We shop at the local farmer’s market for our apples – a mainstay of our fruit diet in the fall in winter. The stand we frequent sells baskets of “deer and horse” apples in two sizes for $2.00 or $3.50 a basket. Some folks know these apples as “drops” or “seconds” also. Whatever you call them they are one of the best food values out there.
The apples in the baskets are those that weren’t pretty enough, large enough or in good enough shape to make it into the premium priced baskets. The premium baskets cost between $1 and $2 a lb depending on the variety and they are well worth it if you need a very pretty apple.
If you are looking for an eating or baking apple, then turn to the seconds. I paid $2.00 last week for 11 1/2 lbs of apples – or .19/lb. There was only one unusable apple in the bunch which we did throw out for the possums.
So how do we use these apples? Well as soon as you get them home you need to look over the apples for any that are too damaged to use – bruised, bashed or otherwise at the end of their days. Dispose of those and put the rest in a container when they will get some air circulation – a basket is good, a bowl will do. Just don’t leave them in the plastic bag or they will go bad much faster.
Next I pull out the apples that are good enough for lunch boxes. This is usually a surprising number. Most often they have a small mark on them or are not large enough to be sold as a premium apple but they are just fine for lunches and snacking. These get washed and put in our fruit bowl for grabbing on the run.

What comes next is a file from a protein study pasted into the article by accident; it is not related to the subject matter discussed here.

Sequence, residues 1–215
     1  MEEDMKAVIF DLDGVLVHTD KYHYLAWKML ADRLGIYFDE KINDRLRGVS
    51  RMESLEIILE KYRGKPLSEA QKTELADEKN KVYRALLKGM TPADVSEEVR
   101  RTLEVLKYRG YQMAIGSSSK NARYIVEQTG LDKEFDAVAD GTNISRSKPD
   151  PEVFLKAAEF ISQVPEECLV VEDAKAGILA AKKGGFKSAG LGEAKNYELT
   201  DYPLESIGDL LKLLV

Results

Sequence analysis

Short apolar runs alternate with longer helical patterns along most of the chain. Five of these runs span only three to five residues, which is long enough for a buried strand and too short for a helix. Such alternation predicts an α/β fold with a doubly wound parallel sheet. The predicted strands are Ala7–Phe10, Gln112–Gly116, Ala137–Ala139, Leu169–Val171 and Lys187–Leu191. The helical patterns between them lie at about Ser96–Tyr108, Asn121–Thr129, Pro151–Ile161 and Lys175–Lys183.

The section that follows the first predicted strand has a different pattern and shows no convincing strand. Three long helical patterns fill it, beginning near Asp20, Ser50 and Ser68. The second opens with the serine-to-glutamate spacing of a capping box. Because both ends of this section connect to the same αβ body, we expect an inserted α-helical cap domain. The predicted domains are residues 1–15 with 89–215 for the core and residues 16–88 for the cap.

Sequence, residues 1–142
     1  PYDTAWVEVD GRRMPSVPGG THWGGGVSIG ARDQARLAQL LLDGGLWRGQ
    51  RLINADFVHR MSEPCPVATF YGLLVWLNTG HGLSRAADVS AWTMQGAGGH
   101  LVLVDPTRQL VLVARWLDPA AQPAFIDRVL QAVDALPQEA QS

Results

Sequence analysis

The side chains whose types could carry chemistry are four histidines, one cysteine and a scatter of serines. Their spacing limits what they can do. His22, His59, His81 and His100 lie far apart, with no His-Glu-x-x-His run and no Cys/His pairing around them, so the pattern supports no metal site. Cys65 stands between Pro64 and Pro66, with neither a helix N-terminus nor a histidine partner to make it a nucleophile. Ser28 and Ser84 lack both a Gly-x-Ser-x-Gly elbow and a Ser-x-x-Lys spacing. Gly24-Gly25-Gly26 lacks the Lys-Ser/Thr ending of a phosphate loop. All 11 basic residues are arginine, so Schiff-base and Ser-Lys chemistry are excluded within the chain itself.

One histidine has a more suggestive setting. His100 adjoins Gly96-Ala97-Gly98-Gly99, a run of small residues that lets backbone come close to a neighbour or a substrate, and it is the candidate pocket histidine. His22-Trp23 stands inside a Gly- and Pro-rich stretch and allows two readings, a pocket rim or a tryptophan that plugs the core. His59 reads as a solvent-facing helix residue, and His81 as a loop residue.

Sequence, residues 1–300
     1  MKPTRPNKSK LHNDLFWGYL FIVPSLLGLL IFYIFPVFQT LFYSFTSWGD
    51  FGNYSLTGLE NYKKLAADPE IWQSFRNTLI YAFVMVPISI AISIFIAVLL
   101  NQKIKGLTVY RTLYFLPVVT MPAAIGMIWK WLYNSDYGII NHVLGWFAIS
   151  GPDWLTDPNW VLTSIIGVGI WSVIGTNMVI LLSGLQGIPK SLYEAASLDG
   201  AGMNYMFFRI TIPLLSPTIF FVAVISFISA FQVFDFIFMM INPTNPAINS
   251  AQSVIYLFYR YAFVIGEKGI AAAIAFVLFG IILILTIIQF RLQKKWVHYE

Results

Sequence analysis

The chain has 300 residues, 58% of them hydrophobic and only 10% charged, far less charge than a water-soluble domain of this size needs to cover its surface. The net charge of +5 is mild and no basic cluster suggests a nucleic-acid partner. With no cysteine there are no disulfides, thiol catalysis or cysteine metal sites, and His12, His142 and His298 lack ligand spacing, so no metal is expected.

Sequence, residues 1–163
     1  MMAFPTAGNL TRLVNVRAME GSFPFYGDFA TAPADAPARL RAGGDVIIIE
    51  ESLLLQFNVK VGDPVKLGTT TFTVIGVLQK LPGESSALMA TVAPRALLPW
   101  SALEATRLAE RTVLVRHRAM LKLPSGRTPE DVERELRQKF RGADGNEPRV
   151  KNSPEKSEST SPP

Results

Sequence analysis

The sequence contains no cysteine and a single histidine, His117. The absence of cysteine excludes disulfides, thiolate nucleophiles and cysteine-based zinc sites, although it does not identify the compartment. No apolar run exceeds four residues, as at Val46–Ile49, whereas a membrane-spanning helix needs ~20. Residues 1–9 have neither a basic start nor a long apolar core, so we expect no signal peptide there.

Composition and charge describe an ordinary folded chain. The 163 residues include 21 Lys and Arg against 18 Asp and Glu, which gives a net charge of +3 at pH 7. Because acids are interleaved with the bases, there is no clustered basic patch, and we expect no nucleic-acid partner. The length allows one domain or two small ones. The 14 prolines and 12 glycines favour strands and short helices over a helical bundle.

What is left are apples that may have some bruises or nicks or cuts. These apples should be used in fairly short order, but will usually keep 3-4 days if taken out of the plastic bag. You can do anything with these apples that you would do with regular apples but my favorite is to make baked apples or applesauce. Since you have a mixture of varieties of apples each time you make the recipes they will taste slightly different.
With this batch of apples I made applesauce – 12 cups of applesauce to be exact. All I do for my applesauce is peel and core the apples (Peeling is optional but find out if your supplier sprays their apples at all. If they do I’d highly suggest peeling them to avoid those chemicals getting into your sauce.) and put them in a big pot to cook down. When they are soft we use an immersion blender to get the consistency we want – chunky or smooth. Sometimes we need to add a bit of sugar, sometimes not. It depends on the blend of apples.
I freeze my applesauce in quart bags but you can also can it if you want to. You can also go on to make apple butter with it in a crock pot if that is something your family will like. You’ll get about 3-4 pints of apple butter from 12 cups of applesauce and with apple butter running over $3 a pint most places you’ll have made a very good investment with your $2.
My other favorite thing to do is bake the apples. Again I peel and core them and put them in a 8×8 pyrex dish. I fill the dish with apples, add a handful of dried cranberries and/or raisins and some brown sugar, cinnamon and nutmeg. I bake at 375F until most of the apples are soft. The different varieties will cook differently and you get a nice mix of textures. This is great with vanilla ice cream or milk.
Both the applesauce and baked apple recipes are gluten free so everyone in our family can enjoy them. You can see my recipe for a gluten free apple crisp here.
So next time you see some apples at a deep discount, think twice before passing them by. They are pure gold for our family in the winter.